WALLA WALLA -- Walla Walla's Early Head Start programs will be expanding this year thanks to a boost from the federal government.Maria P. Gonzalez can be reached at email@example.com or 526-8317. Check out her blog at blogs.ublabs.org/schoolhousemissives.
The federal Office of Head Start recently awarded more than $250,000 in federal stimulus funds to Children's Home Society in Walla Walla, to serve about 34 children ages birth to 3 who meet federal poverty guidelines.
Amy Osterman of Children's Home Society said the money will initially go to serving qualifying families in a home-based model of early learning. In home visits, an educator visits with families about 90 minutes each week. The sessions focus on children's development and growth.
Osterman said some of the 34 slots may eventually move to a child care center that is still being determined. Those child-care slots would be similar to the Early Head Start program operating in the Lillie Rice Center.
To qualify for Early Head Start, families must earn 130 percent of the federal poverty limit or lower. The program is also open to foster, homeless and special needs or disabled children. Walla Walla serves 56 children through Early Head Start. About 23 are served at the Lillie Rice Center, with 33 children reached through the home-based model. The new funds will increase the number of children served to 90.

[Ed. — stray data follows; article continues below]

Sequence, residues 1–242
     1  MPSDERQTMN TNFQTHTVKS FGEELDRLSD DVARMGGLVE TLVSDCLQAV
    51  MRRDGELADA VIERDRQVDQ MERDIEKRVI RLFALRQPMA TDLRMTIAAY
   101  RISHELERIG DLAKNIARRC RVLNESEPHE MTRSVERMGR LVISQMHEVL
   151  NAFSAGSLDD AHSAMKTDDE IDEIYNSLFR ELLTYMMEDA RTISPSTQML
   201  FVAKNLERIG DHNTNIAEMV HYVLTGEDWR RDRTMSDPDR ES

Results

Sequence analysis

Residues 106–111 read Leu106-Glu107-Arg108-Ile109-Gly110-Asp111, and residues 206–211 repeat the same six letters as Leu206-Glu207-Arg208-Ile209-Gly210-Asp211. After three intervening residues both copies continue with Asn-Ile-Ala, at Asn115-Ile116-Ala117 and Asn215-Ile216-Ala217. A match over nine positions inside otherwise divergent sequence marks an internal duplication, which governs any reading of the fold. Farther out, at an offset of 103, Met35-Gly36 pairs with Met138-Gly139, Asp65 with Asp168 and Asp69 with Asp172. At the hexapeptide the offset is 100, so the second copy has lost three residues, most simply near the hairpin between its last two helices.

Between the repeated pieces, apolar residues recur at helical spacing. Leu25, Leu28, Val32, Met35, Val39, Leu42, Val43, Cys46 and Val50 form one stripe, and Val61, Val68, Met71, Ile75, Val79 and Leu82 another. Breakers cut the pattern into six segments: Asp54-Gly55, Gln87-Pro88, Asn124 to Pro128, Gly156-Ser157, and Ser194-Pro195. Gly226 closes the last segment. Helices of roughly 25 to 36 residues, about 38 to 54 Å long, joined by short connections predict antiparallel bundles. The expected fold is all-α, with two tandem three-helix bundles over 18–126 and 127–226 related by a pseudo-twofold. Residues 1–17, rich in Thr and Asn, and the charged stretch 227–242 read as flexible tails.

Part of the money has gone to hiring two full-time staff members, and two part-time employees, Osterman said. Additional funds cover supplies, like toys and books, and other resources.
Osterman said qualifying families are identified through referrals from doctors or social services.
In College Place, the Migrant Head Start program, operated by the Washington State Migrant Council, will see an additional eight slots opening up through its federal award.
Migrant Head Start director Yolanda Esquivel said the new openings will switch from services in its chid-care center to the home-based program, depending on parents' work needs. The migrant program, based at the Farm Labor Homes, typically sees a shift from home-based to center-based learning as families return to seasonal work. Their award is also for the Early Head Start program.
Esquivel said that with nearly 30 families on a waiting list for infant care at one time, the additional slots help meet urgent needs.
The local Children's Home Society and Migrant Head Start awards were part of bigger awards received at the state level. Children's Home Society programs in King County, and Migrant Head Start programs in Pasco, Othello, Wapato, Quincy and Royal City also secured funds.
Esquivel noted that the awards are given to maintain programs for two years, but that her agency is hopeful the funds will be renewed in the future.
"We're thinking positive, that this is going to stay," she said.